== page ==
Leinster Football Final: Fans' ref attack overshadows Meath win
Meath 1-12 Louth 1-10: The GAA authorities may conduct a detailed investigation into the disgraceful incidents that marred the end of yesterday’s Leinster football final between Meath and Louth at Croke Park but no decision on any course of action will be taken until the report of referee Martin Sludden has been thoroughly studied.
Sludden’s report is expected to be submitted to Headquarters tomorrow and its contents will determine what action — if any — the Association take in the wake of the mayhem that ensued after Meath’s Joe Sheridan appeared to throw the ball into the Louth net deep in injury-time to give Meath a 1-12 to 1-10 victory just when Louth were on the cusp of their first Leinster title in 53 years.
Sludden was attacked by irate Louth fans after the game while Meath player Mark Ward was struck by a man from the crowd wearing a Louth replica jersey.
Last night Tyrone-based Seamus Woods, who is a member of the three-man National Referees Appointments Committee — the others are Seamus Gardiner (Clare) and Mick Curley (Galway) — confirmed that “proper procedures” will be followed. “It is normal practice for referees to submit their reports on all major league and championship matches as quickly as possible after games have taken place and, depending on their contents, further action whether this be in relation to the adherence of match regulations or disciplinary issues may then be taken by the appropriate committee,” revealed Woods.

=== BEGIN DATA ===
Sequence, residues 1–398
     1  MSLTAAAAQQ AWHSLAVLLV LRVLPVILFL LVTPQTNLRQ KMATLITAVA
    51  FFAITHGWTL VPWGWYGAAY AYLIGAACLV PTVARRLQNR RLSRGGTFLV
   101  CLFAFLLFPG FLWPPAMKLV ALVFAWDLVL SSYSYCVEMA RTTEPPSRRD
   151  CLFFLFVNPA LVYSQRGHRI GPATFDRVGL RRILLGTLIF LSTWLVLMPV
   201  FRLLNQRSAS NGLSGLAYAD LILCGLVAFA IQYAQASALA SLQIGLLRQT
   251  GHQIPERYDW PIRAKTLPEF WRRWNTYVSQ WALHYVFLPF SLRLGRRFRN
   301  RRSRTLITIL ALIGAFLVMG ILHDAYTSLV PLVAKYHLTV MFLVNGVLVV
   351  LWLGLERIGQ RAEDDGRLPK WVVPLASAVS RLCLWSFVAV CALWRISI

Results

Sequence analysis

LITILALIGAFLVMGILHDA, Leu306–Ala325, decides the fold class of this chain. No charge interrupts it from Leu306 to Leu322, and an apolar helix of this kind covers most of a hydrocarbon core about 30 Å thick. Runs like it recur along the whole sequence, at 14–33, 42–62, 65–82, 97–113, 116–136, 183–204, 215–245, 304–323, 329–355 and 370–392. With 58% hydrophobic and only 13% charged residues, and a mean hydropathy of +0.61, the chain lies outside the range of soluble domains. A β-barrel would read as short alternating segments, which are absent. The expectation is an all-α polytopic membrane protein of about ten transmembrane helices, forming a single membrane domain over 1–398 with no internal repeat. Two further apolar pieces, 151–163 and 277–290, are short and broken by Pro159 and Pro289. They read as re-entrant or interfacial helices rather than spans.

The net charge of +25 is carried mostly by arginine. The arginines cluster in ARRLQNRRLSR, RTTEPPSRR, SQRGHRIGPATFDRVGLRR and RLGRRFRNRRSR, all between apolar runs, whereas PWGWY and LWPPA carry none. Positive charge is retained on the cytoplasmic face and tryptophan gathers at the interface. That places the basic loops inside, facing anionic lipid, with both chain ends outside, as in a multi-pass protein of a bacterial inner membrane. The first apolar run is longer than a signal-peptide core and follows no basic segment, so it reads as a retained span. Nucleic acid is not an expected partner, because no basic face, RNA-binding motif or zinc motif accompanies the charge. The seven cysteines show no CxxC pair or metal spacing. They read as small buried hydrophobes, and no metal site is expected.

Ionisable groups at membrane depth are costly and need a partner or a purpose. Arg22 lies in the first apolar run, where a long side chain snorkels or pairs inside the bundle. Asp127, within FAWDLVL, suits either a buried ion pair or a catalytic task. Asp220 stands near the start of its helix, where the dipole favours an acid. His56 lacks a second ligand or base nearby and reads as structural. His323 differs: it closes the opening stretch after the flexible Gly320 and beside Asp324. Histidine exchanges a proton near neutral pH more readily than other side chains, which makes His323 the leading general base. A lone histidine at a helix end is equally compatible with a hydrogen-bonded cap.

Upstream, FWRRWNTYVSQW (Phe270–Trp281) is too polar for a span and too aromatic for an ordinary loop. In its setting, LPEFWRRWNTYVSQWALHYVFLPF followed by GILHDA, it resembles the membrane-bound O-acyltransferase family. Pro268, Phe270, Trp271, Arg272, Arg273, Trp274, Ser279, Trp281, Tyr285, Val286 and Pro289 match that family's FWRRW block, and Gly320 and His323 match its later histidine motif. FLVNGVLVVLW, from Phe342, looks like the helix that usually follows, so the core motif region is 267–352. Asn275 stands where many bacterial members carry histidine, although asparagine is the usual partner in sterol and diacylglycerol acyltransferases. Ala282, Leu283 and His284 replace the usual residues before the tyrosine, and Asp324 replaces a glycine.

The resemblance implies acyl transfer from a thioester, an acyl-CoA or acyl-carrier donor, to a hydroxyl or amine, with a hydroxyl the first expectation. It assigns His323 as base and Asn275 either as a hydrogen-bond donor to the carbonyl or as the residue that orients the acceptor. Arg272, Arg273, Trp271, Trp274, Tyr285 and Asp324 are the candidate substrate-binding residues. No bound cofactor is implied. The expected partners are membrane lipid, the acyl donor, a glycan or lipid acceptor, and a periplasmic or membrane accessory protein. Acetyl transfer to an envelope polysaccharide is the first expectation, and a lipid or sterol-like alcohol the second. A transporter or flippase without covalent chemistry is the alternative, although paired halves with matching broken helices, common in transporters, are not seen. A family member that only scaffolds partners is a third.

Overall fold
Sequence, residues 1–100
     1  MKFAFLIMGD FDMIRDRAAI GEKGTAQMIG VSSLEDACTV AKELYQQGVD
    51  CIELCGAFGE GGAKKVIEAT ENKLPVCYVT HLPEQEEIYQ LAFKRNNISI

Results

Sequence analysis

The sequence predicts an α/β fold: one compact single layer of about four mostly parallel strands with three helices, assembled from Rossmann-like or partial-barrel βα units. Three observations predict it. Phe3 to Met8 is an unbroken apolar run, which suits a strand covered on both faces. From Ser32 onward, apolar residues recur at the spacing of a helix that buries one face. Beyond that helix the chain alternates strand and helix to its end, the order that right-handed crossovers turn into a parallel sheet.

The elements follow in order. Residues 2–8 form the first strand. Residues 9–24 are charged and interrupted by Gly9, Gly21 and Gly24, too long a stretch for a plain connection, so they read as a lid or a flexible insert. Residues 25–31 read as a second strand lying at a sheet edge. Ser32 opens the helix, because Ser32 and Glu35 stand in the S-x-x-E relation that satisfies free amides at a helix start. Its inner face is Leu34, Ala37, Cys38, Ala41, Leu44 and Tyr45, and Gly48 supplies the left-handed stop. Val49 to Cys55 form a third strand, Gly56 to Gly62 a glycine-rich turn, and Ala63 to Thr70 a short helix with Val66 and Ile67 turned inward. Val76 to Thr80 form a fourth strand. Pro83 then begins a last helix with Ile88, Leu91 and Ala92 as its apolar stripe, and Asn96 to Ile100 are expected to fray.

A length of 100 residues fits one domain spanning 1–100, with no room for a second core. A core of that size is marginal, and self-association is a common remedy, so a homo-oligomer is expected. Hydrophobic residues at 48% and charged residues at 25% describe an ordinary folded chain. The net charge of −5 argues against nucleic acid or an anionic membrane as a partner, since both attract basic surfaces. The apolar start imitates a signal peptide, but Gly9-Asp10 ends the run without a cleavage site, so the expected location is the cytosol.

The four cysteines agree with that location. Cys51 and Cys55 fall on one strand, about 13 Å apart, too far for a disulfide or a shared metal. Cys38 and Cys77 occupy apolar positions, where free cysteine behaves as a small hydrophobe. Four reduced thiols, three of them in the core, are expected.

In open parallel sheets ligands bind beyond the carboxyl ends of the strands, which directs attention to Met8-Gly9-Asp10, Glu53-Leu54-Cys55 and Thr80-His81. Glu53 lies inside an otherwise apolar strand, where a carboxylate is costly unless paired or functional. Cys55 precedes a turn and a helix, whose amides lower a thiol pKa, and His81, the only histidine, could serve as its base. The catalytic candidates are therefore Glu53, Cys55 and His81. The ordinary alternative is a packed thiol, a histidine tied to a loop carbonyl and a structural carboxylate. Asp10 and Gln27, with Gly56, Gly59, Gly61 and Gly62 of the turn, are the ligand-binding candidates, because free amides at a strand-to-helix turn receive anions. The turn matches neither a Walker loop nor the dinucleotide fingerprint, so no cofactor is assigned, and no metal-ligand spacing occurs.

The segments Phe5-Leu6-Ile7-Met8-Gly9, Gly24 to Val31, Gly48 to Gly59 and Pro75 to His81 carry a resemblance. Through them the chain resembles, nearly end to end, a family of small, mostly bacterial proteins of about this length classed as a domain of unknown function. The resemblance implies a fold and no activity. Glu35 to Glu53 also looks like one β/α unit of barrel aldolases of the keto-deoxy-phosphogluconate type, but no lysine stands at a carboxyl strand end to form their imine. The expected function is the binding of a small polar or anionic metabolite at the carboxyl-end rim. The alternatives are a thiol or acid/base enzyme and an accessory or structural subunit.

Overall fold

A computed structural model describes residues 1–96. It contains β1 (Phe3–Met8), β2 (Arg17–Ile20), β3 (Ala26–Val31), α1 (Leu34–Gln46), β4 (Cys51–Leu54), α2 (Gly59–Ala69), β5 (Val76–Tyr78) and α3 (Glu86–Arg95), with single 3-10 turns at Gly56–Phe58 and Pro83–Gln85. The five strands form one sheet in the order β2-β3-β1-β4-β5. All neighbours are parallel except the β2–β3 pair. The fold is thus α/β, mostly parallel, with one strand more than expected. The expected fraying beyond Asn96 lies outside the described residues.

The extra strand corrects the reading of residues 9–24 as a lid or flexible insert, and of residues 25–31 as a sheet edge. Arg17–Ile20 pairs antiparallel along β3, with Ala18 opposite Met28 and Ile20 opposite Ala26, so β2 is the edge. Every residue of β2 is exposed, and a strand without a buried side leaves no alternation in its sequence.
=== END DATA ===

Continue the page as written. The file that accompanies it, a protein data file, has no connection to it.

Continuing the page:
Sludden is one of the 18 high-profile referees who are on the rota for Championship matches this summer — indeed, he took charge of the recent Armagh v Monaghan Ulster final match at Casement Park, Belfast, in which his decision to show a red card to Armagh’s Brian Mallon caused some controversy.
But his performance at Croke Park yesterday up until the injury-time calamity had in fact been enthusiastically hailed by the normally caustic RTE punditry duo of Tony Davis and Pat Spillane.
Peter Fitzapatrick’s Louth management team includes three Ulster-based personnel. Former Armagh player Martin McQuillan is coach, ex-Armagh manager Peter McDonnell is currently helping with tactics and former Donegal and Ulster Railway Cup team boss Brian McEniff is an advisor.
And Fitzpatrick himself, who has transformed Louth since succeeding Eamon McEnaney was enraged that Sheridan’s goal was allowed to stand.
“I honestly thought that Joe Sheridan was Dick Turpin without the mask,” he fumed.
“I could not believe it when the referee allowed the goal to stand. It was pure daylight robbery. He invited me in afterwards to explain his decision and I asked him why he allowed the goal. He said he was going to give a penalty and I told him he should have gone ahead and done this.
“It makes me sick to see the disciplinary body chasing up on guys who get yellow and red cards and then something like this happens.”
Indeed, the post-match events at Croke Park tended to overshadow the draw for the third round of the All Ireland Football Qualifiers at which GAA President Christy Cooney was asked about the Croke Park incidents.
“This is a matter that will be dealt with in the appropriate manner but obviously it is something that we could be doing without,” he said.
Louth followers have already been vociferous in their quest for a re-fixture but it has been confirmed that there is no remit in the Official Guide to permit this although it could, of course, happen with the agreement of both teams.